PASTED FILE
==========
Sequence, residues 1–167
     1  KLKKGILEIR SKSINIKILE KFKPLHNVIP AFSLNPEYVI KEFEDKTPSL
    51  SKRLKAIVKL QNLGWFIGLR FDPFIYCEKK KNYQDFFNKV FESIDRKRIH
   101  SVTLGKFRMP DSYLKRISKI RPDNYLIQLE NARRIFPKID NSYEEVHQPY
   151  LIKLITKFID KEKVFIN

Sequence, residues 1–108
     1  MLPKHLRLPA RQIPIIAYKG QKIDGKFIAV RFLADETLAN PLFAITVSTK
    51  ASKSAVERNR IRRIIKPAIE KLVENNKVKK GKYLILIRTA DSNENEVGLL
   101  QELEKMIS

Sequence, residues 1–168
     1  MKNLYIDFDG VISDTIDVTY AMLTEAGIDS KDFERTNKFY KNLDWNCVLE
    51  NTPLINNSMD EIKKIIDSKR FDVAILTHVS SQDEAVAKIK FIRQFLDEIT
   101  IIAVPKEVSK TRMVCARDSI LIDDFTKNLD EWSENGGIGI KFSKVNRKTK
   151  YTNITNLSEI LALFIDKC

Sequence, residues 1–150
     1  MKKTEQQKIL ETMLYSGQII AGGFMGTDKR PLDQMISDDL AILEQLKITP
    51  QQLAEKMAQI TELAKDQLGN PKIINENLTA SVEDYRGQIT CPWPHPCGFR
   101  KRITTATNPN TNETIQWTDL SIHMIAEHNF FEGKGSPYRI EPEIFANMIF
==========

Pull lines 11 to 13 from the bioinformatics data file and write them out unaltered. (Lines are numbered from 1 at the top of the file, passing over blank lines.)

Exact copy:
     1  MKNLYIDFDG VISDTIDVTY AMLTEAGIDS KDFERTNKFY KNLDWNCVLE
    51  NTPLINNSMD EIKKIIDSKR FDVAILTHVS SQDEAVAKIK FIRQFLDEIT
   101  IIAVPKEVSK TRMVCARDSI LIDDFTKNLD EWSENGGIGI KFSKVNRKTK